The appearance of Black Tie on an invitation indicates unequivocally that the host expects tuxedos to be worn. Black Tie Required or Black Tie Only means the same thing but can come across as heavy-handed. Hosts should avoid the latter unless they are certain that there will be guests too naïve or inconsiderate to infer the mandatory nature of the former.
There will likely be those few guests who will wrongly interpret Black Tie to simply mean “formal” and arrive in whatever they feel appropriately dressy. A gracious host will excuse the appearance of the uninformed among them, viewing the transgression as a valuable learning experience for these guests. As for the willfully inconsiderate, the host’s congeniality need last only as long as the evening.
Wear proper black tie or send your regrets. It’s that simple.
Hosts and organizers do not specify this dress code because they want you showing up in a black suit. Rather, they have put a tremendous amount of effort into making the evening exceptional and are relying on you to respect the unique elegance and traditional uniformity that black tie so brilliantly imparts. Yet there always seem to be those men who feel the party is all about them and they can dress as they please. “Some guys,” observed The National Post, “especially younger fellows who feel they’re really successful, take pride in flouting dress codes and showing up in business suits, often not dark, and without a tie . . . Perhaps kids think it’s too much trouble to rent or buy a black tie. Grow up or don’t show up.”
And if you’re tempted to make an ironic statement, carefully consider the advice ofDetails Men’s Style Manual: “Don’t try to bring back lost styles. You might think you’re sending up the self-serious but you’re really just being rude.”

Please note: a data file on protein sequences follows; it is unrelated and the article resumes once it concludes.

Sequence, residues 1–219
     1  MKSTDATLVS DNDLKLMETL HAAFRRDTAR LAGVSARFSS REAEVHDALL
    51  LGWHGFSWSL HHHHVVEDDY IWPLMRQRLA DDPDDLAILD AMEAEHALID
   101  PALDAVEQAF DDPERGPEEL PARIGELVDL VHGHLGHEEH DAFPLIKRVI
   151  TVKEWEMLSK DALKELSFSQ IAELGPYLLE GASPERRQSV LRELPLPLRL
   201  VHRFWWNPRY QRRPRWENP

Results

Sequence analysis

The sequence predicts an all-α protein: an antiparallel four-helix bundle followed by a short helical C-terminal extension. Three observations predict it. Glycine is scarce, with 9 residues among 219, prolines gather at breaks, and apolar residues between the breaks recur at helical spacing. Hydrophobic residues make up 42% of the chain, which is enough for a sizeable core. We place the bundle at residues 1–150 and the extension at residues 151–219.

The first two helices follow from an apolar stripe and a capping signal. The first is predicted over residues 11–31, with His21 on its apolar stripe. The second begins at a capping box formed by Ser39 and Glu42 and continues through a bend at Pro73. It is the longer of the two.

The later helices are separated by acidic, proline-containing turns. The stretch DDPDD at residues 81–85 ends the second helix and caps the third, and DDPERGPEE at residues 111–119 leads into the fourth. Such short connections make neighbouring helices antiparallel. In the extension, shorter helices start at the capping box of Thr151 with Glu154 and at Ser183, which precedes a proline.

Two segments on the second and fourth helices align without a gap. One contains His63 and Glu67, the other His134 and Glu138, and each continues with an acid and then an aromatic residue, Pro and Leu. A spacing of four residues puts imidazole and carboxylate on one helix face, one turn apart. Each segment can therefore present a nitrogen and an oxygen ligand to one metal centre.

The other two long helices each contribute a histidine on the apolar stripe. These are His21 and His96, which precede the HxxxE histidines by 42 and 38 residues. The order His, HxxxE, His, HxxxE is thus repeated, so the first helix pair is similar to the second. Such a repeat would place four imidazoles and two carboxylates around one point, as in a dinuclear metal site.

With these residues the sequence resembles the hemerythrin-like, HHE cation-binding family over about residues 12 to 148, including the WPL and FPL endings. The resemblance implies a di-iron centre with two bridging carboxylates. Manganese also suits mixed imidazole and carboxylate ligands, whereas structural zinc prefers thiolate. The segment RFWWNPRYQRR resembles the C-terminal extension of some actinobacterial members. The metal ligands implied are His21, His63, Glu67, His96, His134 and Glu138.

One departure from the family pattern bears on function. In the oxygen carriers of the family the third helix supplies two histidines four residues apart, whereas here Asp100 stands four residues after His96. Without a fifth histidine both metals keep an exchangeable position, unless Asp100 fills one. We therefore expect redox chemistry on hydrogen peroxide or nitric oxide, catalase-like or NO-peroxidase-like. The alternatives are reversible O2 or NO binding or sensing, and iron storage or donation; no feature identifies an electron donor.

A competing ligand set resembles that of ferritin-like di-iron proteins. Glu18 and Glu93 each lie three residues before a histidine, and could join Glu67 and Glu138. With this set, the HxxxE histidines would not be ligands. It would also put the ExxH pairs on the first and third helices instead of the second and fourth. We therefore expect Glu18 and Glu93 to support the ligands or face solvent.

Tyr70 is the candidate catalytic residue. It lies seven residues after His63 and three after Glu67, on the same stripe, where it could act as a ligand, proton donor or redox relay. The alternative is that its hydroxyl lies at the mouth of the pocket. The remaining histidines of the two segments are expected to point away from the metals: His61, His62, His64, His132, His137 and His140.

“Black Tie Preferred”, “Black Tie Requested”
This terminology is used by those who want to host a very formal party but do not want to exclude guests that cannot afford a tuxedo.
Invited guests genuinely unable to meet the expense of buying or even renting a dinner jacket may wear a dark suit and tie instead. Guests that own or can easily afford a dinner jacket but cannot be bothered to wear one should politely decline the invitation. To do otherwise is boorish as it tells the organizers in no uncertain terms that their preferences are irrelevant.
“Black Tie Optional”
Black Tie Optional (or Black Tie Invited) allows hosts to suggest that men wear tuxedos but not to insist on it. This code is often employed in the context of large gatherings of civic or business groups, such as a dinner sponsored by a chamber of commerce.
The reality, though, is that this dress code is basically the formal equivalent of “business casual”: an attempt to please everyone that ultimately benefits no-one. As Canadian fashion columnist Russell Smith explains in Men’s Style, it is frequently a cop-out employed by insecure hosts:
It means that the planners of the party began by envisioning a glittering formal affair, with neatly groomed men in stark black and white as sober backdrops for the dramatic colour and flashes of flesh of the women. And so they wrote “Black Tie” on the invitations – and then immediately had doubts . . . What if we are excluding those without resources to own a dinner jacket? What if we are insulting the men with beards and Jethro Tull albums who don’t believe in such elitist dress and who may refuse on principle to come to such a stuffy affair?
Consequently, these hesitant hosts deprive men of the reassurance and clarity they seek from a precise dress code, forcing them instead to partake in a no-win guessing game. If the large majority of men decide to wear dinner jackets then the minority who dress in suits may appear inconsiderate and classless. Conversely, if the majority shows up in suits then the minority will likely feel put out.